Two features of the UK labour market that threaten our post-Brexit prosperity are stagnant real wage growth and historically low levels of labour productivity. Once we are released from the regulatory “yoke” of Brussels, it is argued, the animal spirits latent in the UK economy will be liberated to drive economic growth and improve living standards for all.
Even Emmanuel Macron, in notoriously over-regulated France, has decided that loosening employment protection is one way to improve labour market flexibility. His moves are being resisted by French unions, on the grounds that employers will exploit these freedoms to the detriment of workers.
In other circumstances, the recent news of the sad death of 31-year-old journalist Miwa Sado in Tokyo in 2013 through “overwork” might have passed without comment here in the West (the case has come to prominence now after labour inspectors ruled overwork was the cause).
But many UK commentators point to the longer hours worked by US employees, and those in the so-called “Tiger” economies in Asia, as examples of practices which go hand in hand with high-octane productivity and GDP growth.
Karōshi, literally meaning “overwork death” in Japanese, is a sudden work-related fatality, usually from heart attack or stroke due to stress, and a starvation diet. This phenomenon is also widespread in South Korea, where it is referred as gwarosa. Sado logged 159 hours of overtime in the month before she died and, once again, the spotlight is falling on the regulatory environment and culture which allows workers to literally drop dead from exhaustion.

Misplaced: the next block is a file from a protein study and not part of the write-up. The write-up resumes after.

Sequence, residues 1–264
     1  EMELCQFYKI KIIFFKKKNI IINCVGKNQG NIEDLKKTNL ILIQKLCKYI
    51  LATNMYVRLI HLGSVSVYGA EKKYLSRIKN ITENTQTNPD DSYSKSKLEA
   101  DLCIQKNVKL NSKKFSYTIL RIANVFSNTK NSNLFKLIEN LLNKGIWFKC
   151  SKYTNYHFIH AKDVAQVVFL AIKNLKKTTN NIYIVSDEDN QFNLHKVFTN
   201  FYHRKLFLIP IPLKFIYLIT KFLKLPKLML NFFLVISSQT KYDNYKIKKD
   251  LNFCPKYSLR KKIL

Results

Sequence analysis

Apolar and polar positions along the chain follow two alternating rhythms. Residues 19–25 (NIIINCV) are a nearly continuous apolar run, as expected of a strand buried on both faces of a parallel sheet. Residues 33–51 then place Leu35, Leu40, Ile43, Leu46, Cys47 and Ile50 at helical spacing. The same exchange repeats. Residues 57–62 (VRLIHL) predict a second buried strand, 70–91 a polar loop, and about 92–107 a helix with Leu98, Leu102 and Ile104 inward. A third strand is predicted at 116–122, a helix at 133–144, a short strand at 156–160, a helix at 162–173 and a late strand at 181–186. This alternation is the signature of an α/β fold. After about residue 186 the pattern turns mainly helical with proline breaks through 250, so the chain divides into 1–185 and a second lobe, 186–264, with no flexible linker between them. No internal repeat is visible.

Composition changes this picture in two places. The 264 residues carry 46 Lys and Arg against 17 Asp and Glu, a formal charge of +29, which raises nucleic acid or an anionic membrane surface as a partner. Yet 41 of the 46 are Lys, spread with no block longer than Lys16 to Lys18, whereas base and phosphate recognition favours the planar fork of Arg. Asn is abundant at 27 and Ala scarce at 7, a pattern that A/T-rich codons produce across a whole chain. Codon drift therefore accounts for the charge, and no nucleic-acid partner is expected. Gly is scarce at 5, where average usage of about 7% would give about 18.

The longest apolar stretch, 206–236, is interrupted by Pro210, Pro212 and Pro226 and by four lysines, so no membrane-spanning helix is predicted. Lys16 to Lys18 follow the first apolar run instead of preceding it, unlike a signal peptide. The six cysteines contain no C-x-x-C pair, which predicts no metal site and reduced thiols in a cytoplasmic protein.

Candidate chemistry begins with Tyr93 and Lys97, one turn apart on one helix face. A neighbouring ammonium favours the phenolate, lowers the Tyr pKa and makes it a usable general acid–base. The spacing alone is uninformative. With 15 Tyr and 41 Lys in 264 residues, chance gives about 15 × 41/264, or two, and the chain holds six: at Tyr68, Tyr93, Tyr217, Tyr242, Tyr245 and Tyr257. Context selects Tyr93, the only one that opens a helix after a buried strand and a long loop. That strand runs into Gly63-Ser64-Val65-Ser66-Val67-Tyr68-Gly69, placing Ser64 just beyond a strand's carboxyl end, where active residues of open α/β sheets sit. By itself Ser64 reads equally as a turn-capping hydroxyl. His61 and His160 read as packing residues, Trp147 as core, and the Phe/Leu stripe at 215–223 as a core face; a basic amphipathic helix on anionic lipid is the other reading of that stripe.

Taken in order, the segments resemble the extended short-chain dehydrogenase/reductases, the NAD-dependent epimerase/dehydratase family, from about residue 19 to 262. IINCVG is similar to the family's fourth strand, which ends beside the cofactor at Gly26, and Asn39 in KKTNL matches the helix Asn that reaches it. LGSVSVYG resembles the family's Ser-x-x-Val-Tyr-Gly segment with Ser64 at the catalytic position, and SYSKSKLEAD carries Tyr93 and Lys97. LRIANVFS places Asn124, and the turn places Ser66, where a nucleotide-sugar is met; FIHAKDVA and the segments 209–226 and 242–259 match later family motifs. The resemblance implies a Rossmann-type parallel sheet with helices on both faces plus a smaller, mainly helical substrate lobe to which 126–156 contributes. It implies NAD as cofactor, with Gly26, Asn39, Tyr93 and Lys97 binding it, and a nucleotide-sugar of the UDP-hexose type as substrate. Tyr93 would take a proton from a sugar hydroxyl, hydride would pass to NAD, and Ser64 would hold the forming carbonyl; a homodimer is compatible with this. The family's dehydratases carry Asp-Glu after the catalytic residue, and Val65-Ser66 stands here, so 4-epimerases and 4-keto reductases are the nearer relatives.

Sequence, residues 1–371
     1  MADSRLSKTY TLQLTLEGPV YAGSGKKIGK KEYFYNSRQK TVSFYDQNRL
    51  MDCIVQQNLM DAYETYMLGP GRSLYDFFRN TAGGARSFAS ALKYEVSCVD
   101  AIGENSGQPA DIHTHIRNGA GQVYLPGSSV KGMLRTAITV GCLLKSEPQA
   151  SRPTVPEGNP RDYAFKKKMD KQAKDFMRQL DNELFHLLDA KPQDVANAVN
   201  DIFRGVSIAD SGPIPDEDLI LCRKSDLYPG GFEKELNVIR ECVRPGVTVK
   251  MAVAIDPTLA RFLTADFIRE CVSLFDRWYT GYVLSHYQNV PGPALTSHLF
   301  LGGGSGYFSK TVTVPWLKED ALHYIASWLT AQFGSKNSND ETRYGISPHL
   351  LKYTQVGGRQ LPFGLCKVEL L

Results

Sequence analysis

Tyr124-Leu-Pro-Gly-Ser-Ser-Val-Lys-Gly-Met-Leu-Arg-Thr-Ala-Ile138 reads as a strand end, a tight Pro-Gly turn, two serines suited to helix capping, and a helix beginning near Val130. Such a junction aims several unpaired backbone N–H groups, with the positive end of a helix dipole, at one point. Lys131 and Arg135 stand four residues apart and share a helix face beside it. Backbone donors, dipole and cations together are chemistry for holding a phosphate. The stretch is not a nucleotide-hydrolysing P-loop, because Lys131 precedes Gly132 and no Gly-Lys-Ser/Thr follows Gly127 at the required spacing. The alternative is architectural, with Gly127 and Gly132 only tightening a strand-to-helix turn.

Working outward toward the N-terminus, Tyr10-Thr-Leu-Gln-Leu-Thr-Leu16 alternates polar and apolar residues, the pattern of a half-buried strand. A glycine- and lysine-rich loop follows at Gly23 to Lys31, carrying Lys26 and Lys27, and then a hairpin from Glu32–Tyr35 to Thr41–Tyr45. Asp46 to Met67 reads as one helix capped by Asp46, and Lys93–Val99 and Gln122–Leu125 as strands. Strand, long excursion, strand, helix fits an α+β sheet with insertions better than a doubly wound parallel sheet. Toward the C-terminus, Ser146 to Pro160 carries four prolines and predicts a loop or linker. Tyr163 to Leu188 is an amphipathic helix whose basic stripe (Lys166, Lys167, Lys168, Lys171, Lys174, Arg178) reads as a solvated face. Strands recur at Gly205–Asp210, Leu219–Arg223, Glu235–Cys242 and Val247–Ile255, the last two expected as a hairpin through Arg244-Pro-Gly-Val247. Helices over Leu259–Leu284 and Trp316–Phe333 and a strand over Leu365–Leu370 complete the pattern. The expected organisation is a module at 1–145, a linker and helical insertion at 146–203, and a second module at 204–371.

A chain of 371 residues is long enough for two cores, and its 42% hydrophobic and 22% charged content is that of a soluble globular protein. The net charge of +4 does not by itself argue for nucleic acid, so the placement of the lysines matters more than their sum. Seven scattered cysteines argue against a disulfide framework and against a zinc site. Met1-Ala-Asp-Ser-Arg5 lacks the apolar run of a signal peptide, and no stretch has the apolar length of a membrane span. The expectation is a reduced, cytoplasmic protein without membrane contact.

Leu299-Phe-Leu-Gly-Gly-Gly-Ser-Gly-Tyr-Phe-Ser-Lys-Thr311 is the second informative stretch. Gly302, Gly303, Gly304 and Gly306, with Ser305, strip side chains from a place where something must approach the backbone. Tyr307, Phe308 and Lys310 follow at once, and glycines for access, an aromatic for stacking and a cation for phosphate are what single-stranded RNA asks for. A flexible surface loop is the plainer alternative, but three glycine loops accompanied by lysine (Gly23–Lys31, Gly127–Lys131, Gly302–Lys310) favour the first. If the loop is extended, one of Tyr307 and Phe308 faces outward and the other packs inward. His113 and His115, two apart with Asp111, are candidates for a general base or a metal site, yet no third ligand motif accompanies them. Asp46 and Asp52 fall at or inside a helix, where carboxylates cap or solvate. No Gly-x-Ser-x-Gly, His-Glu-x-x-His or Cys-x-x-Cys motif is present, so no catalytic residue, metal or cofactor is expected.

Working very long hours is more common in the Far East than in Europe. For example, in 2013 the proportion of the workforce doing more than 50 hours a week was 23 per cent in Japan, 34 per cent in Hong Kong and 35 per cent in South Korea. In comparison, the 2015 data for the UK shows that only 11 per cent work more than 50 hours, a drop from the 16 per cent figure in 1995.
In Japan, recent data shows that the long hours culture is deeply embedded. A quarter of firms have employees working more than 80 hours of overtime a month, and 12 per cent have staff working more than 100 hours of overtime. To make matters worse, while Japanese workers are entitled to 20 days of annual leave, 35 per cent take none.
Karōshi is not a new phenomenon. Between 1988 and 2013, there were 29,598 applications for workers’ compensation due to overwork, mostly from men. It is estimated that, in 2014, there were between 300 and 400 deaths attributable to excessive hours in Japan.
In the past, the “upside” of working long hours was job security and, in many cases, a genuine “job for life”. Today, with job insecurity a much greater feature of employment for Japanese workers, the pressure to work excessive and unhealthy hours has, if anything, intensified.
Labour relations in Japan have historically been defined more by the requirements of status than rights – as in the West. There has always been an obligation of the powerful (employers) to protect the weak (employees), who, in turn, have the right to expect benevolence in unequal status relationships. This is a paternalistic approach which, in the case of karōshi at least, has not lent itself to effective labour regulation.
In 2014 the Karōshi Prevention Countermeasures Promotion Law was passed, and since 2015 all firms employing more than 50 staff have been required by law to conduct annual stress audits. But compliance is not widely enforced.
Do we live to work or work to live? This is the kind of rhetorical question that those of us researching the role that work plays in our lives are prone to ask occasionally. Karōshi is, of course, at the extreme end of the harm that work can do to us. Nonetheless, those in the UK urging a further bonfire of labour regulations should, perhaps, be careful what they wish for.
Stephen Bevan is the head of HR research development at the Institute for Employment Studies